MOS?

That’s short for Mandarin Orange Spice, peeps…

…and this is the tea I most often find in my cupboard after my mother-in-law Karen comes for a visit.  Usually it just sits there patiently waiting for her as I bypass it to create my own herbal blends.  But the other day this orange and black box caught my eye.

The first thing I noticed was the painting on the front of the box–it’s simply lovely.  I feel like we tea drinkers have all seen it a million times, but take a closer look…

It's a little world in here...

I especially love Barry Zaid’s rendition of those peeled and segmented oranges at the bottom of the painting. Visual beauty is such a lure…

So I opened that standard tea box with the cute little packaging and the first thing I noticed was the smell..that tea bag smelled good!  Orangey, but also like chicory and cinnamon and hibiscus flower.  And all together they create that characteristic MOS smell and flavor.  It’s memorable.  It reminds me of my early tea drinking days in college…dorms, 11pm, mulling over new-found politics.

I got excited.  There is such a charge, a thrill involved with remembering sometimes…

I quickly poured myself a cup, but didn’t let it steep too long–maybe about 3 minutes.

The result?  NICE!

So I still really like this tea…it’s a good balance of roots and berries, earthy and sweet.  The hibiscus of course gives it the Celestial Seasonings “zing”, but it’s countered by the blackberry leaves and the chamomile.  It’s not a simple tea, but it’s not trying too hard either.   The other Celestial “Zingers” I could turn away from and not look back, but I’m glad I rediscovered Celestial Seasonings Mandarin Orange Spice.  I honestly can’t believe I forsook it for so long.

www.celestialseasonings.com/products/detail.html/herbal-teas/mandarin-orange-spice

MOS=Most Optimal Seasonings tea bag so far...

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Introducing:   Steep of the Week.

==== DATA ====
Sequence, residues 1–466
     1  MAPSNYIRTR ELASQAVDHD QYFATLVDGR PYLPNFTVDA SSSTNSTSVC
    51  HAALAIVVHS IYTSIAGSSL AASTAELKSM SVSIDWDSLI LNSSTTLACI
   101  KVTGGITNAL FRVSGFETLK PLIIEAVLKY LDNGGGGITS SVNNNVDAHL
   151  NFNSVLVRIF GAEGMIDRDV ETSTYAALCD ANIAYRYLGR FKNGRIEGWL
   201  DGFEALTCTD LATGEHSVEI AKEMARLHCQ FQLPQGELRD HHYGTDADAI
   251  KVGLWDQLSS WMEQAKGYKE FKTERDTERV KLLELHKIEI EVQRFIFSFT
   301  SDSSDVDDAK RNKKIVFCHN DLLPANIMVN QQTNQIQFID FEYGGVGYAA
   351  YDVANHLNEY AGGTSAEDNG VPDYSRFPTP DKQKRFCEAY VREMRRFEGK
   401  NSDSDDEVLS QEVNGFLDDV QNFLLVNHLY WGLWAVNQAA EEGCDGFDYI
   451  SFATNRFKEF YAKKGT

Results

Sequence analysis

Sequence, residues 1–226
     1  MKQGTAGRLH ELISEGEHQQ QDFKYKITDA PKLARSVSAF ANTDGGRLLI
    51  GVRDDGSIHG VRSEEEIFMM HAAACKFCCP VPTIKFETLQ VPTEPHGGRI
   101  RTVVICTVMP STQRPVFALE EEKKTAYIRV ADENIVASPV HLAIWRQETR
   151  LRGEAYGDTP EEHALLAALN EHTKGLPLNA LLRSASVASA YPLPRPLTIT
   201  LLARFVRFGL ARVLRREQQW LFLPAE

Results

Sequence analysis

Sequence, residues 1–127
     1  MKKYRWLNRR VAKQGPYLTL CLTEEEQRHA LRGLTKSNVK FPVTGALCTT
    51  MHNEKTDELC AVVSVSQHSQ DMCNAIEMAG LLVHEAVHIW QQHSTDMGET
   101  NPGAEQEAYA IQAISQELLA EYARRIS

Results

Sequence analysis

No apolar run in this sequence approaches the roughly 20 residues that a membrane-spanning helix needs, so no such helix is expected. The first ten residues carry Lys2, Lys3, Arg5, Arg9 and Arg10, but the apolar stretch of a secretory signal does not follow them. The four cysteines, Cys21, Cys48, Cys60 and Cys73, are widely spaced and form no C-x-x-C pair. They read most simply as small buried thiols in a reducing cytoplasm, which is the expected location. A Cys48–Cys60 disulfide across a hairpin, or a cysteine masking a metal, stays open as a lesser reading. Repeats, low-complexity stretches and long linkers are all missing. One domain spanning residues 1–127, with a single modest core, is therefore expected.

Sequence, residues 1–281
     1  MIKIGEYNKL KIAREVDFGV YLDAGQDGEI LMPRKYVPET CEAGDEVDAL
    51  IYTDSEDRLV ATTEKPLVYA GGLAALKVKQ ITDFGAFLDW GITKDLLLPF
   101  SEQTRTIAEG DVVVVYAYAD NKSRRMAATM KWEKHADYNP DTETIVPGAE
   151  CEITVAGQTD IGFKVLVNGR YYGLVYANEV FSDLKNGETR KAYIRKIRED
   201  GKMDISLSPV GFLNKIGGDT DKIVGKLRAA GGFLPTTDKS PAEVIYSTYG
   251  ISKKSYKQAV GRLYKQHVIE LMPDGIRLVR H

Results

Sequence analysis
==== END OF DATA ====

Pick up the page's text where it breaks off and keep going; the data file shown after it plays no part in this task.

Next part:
Here’s my concept…

I am committing to “review” one tea bag or loose leaf “tea” per week that is commercially available–taste, color, aroma, packaging, all being observed and considered.   The word tea is going to be loosely defined–I love love love green teas, but lately I have a tea dream to create delicious herbal infusions, so that is going to heavily influence the progression of teas tasted too.  The goal is to be diverse in my tasting–begin tasting what is at home and at hand, then move out from there….herbal, blacks, anything root or petal infused is fair game.

What qualifies me to do this, you might be asking? Are you a trained culinary professional?  Do you have a family member in the tea business?  Do you or have you ever worked in a tea house?  The answer to these questions is a resounding no.

But I do pay attention.  And I am always clutching my mug of tea, whether I’m playing a game of kickball or digging a hole in someone’s back yard.  Ok, ok not always possible, but it’s nearly always an arms length away.  I’ve also lived with a culinary professional for the last 7 years and that’s got to count for something.  He has taught me a thing or two.  (Thanks Nate.)

I also create custom teas for my herbal clients–I try to make them tasty, well-balanced, and infused with healing vibes.  Tasty is important so that folks will drink their medicine and enjoy the herbs that are helping to heal their health condition.

And so, without further ado, the Steep of the Week is Jasmine Downy Pearls compliments of Peet’s Coffee and Tea.

“What is that you are drinking?” is the inevitable question I get when folks smell this tea.”  I see their enchanted eyes…

The aroma of the jasmine flowers is lightly floral, a scent that drifts easily like the rain clouds I’m watching pass over twin peaks right at this moment.

This tea tastes round in my mouth, mellow, like flowers, not bitter, clean rainfall, green earth, minerals, barely sweet, barely astringent.

It tastes to me like life is just perfect right now, which I suppose is why I keep coming back again and again.  This is my daily tea.  I go out of my way to gather this tea.  I always take it “to go” so I can have my hands on the bag of orbs and steep it again at home, up to three times more…

I wonder how many sets of hands it took to get each individual cup of tea here, sitting in front of me?  This is in fact a hand rolled tea from the famed Fujian Province, China.

I keep thinking the responsible thing to do would be to find a local product for daily consumption, but there is something important to me about drinking and smelling this tea that has touched so many hands on its journey around the globe.  At this point in my life I need to feel the vastness and bigness of the world…this tea does just that–it is comforting and heavenly.  Sky and earth in one cup.

A deeply sincere thank you to all the hands that have made this cup possible. Heartily recommended.  kt

Check it out in more detail at Peets.